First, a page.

And they bought Novell, which is another throwback, to those days of Bloomington when networking was taking over the campus, and the dummy islands of uncommunicative PCs were all wired together with coax cable and things started talking to each other.  I did not fully understand Netware, and I still don’t; but I remember the hardcore DOS gearheads talking about it all the time, discussions of TSRs and NETBEUI and mapping X drives to shares.  I was more of a Mac person, and preferred to just telnet in to some unix machine and have everything located there.  But there definitely was this subculture that was all high on Novell stuff back then, especially with the hardcore business users who religiously used WordPerfect and Lotus 1-2-3 for everything.  Later, Novell bought WordPerfect from Borland, probably right around the time I was using the Mac version of WordPerfect for everything.  Then, I switched to using Word and a PC, and I think Windows NT made all of the Netware stuff obsolete, and Novell just became an annoying little company that insisted that everyone spell unix in all caps.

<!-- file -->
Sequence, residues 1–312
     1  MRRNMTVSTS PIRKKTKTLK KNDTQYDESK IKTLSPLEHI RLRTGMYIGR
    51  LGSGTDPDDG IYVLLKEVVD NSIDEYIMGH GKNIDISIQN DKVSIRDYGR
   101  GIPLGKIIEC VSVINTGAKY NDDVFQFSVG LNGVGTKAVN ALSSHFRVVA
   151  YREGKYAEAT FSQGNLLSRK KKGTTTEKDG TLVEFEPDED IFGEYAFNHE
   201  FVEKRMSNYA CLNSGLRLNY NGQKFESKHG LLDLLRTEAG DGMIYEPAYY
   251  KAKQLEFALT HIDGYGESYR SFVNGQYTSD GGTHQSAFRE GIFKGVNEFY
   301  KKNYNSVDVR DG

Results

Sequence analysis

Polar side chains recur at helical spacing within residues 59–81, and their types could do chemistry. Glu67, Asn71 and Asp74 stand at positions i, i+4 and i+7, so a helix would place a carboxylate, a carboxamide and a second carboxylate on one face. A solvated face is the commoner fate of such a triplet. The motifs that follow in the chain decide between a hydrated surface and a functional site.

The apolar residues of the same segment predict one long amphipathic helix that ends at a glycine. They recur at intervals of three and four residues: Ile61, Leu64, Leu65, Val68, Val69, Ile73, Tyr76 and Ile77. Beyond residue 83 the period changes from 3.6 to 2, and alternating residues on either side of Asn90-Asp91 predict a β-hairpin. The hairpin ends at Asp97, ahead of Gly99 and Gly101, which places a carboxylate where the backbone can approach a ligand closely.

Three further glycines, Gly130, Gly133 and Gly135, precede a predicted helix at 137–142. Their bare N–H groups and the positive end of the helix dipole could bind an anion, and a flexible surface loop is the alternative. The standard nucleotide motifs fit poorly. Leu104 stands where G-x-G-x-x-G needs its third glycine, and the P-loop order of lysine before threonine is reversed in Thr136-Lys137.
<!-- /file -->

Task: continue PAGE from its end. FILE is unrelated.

So you’ve got the leather jacket and the old WordPerfect pulling me back to Bloomington.  And you’ve got the struggles as a writer and the current San Francisco weather (53, raining, dark) pulling me back to Seattle.  And I’ve been hacking at a short story that takes place in Florida in 2001, so there’s a lot going on right now.